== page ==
On March 20, the KY DOI followed federal guidance and removed or reduced restrictions on the type of devices, software, and platforms that may be used to perform telehealth services. The agency also encouraged all payers to cover telehealth and remote care wherever possible. This occurred both during regular KY DOI quarterly calls with payers, as well as being referenced in the annual insurance guides to various specialties.
As health care providers across the spectrum began offering telehealth to many more patients an additional two issues that had not been considered arose.
The first, and most surprising, was that many provider licensure boards in the state had restrictions on who could provide telehealth and when such services could be provided, or, the licensure board had never considered telehealth and thus had never addressed it in the provider licensure board regulations. Kentucky brought together its Telehealth Steering Committee, KY DMS, KY DOI, and the provider licensure authorities in a single conference call. This included not just behavioral health licensure groups but other provider types as well. On the behavioral health side, therapists, counselors, art therapy, physical therapy, and other specialties participated. The goal of this call was to ensure that all behavioral health and other providers across the state could utilize telehealth to treat patients via telemedicine. The outcome was nothing short of amazing. At the conclusion of the call, groups that needed to update their administrative regulations agreed to convene emergency meetings of their governing boards and counsel, and submit those amended regulations to the legislative and executive branches within the following 48 hours and did so. Across the spectrum of providers and care, the ability to utilize telehealth to provide services was expanded. Behavioral health groups that had already implemented telehealth earlier were able to offer guidance and support to professional licensure boards who were concerned about the efficacy of a telehealth delivery model. Providers who already had telehealth experience were generous with their knowledge and alleviated the concerns of provider groups that were new to use of telehealth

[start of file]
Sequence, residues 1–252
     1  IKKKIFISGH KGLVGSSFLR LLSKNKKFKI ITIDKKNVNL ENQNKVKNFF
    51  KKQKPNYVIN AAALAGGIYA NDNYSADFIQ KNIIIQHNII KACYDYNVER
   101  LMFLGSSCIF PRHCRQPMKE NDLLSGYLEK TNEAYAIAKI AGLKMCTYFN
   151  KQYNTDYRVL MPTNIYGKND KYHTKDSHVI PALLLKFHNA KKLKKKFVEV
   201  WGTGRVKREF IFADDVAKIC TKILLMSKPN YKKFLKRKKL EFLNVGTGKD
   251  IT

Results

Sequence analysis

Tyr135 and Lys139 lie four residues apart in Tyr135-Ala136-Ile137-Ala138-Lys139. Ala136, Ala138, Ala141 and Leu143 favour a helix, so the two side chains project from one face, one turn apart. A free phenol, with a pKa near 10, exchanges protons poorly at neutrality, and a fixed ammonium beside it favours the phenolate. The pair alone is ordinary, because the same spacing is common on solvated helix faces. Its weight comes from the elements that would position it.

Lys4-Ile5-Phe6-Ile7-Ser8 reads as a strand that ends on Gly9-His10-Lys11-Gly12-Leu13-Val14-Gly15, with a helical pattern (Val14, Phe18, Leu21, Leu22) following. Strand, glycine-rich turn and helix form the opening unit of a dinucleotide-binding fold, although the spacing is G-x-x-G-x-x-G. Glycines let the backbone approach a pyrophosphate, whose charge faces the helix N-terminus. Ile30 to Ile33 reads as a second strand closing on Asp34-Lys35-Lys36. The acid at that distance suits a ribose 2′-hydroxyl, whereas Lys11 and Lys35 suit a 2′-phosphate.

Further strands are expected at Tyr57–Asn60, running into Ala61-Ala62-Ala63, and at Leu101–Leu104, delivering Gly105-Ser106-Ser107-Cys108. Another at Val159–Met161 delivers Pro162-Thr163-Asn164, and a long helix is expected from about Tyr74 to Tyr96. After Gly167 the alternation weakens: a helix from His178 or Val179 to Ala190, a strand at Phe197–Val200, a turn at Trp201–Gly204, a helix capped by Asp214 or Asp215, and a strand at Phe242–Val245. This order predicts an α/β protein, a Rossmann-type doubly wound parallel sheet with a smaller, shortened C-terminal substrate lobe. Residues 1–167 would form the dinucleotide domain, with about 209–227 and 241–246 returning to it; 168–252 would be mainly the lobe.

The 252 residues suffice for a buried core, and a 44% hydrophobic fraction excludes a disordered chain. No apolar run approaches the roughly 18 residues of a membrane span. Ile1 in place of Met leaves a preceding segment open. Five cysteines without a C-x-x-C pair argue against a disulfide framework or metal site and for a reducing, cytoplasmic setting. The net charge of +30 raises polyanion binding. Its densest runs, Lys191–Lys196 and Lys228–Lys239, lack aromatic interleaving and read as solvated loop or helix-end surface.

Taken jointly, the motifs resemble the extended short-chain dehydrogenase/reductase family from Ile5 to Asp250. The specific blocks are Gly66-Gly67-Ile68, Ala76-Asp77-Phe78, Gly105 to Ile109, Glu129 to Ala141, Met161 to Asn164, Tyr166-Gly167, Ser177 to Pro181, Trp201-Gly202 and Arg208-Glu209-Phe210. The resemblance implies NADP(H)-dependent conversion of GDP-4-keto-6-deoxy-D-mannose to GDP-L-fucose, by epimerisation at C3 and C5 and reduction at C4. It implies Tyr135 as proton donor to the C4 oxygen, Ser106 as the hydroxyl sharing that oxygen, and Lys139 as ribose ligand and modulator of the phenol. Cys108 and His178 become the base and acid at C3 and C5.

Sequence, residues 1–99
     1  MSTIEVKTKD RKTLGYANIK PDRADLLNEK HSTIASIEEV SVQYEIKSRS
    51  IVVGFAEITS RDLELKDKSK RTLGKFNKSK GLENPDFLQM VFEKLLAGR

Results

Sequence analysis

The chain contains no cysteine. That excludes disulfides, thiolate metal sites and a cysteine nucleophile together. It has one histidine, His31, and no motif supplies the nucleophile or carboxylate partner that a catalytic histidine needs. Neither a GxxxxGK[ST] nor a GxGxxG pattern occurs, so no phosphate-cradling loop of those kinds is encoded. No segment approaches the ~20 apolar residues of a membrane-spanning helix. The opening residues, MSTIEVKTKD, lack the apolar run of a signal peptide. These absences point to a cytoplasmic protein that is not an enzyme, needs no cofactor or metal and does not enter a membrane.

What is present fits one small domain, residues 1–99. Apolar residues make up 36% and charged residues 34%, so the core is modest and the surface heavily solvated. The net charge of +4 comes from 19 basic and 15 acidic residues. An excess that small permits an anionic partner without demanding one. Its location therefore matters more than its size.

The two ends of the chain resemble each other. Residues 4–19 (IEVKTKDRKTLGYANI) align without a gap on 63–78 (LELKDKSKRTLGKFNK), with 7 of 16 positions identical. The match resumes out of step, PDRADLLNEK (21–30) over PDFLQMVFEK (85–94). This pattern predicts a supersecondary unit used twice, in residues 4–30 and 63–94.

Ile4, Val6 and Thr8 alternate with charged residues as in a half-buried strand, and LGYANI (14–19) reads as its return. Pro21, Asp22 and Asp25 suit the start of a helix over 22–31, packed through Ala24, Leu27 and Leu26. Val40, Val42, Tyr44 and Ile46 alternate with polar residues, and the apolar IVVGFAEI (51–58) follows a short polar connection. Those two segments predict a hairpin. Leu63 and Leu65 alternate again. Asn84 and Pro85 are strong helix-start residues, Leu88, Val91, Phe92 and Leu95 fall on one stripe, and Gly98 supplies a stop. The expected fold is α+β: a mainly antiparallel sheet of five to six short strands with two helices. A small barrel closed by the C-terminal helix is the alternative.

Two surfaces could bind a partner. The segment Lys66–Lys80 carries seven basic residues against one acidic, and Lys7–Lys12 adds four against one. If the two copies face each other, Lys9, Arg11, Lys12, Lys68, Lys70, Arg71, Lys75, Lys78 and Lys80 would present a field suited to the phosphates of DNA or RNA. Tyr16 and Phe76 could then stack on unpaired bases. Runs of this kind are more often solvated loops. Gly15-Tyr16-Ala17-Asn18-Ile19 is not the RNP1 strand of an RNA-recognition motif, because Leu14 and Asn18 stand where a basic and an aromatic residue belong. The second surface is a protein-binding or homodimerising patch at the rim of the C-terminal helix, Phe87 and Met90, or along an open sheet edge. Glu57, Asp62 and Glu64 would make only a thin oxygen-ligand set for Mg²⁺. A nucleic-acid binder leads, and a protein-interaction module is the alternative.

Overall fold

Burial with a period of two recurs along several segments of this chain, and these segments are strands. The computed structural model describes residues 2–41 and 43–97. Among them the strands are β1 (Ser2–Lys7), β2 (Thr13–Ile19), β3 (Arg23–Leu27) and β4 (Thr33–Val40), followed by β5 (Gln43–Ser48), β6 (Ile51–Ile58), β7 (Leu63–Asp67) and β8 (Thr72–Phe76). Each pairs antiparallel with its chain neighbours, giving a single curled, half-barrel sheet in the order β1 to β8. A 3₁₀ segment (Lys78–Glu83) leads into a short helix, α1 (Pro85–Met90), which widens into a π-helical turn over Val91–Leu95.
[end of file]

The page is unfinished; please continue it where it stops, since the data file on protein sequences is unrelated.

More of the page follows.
The second issue was the lack of basic resources for providers and patients who were using telehealth for the first time, such as patient informed consent and basic understanding of telehealth training. One again, experienced providers and other stakeholders rose to the challenge and generously cultivated templates of these necessities for widespread usage. The Kentucky Telehealth Steering Committee assembled links and guidance that providers and patients can access to guide them through the process. Many of those links were first made available the week of March 23, 2020 and existing links were supplemented where appropriate in that same timeframe. All telehealth information is housed on the state telehealth website.
From creation of emergency administrative regulations through distribution of template patient consent agreements, and discussions of telehealth etiquette, the entire state pulled together to make this happen over the course of four days. Sister states were able to follow Kentucky’s lead and put similar provisions in place through use of an Executive Order.